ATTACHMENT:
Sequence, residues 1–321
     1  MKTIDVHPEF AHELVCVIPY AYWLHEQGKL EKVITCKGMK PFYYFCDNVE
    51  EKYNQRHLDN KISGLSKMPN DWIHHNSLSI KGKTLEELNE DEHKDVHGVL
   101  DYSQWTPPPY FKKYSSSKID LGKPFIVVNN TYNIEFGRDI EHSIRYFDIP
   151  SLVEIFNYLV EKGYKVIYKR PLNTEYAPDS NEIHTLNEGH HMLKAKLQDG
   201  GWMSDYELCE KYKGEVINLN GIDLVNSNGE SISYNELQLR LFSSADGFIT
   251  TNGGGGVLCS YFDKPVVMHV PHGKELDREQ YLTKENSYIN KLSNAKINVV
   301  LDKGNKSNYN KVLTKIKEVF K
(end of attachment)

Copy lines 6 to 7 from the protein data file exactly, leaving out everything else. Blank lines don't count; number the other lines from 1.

   201  GWMSDYELCE KYKGEVINLN GIDLVNSNGE SISYNELQLR LFSSADGFIT
   251  TNGGGGVLCS YFDKPVVMHV PHGKELDREQ YLTKENSYIN KLSNAKINVV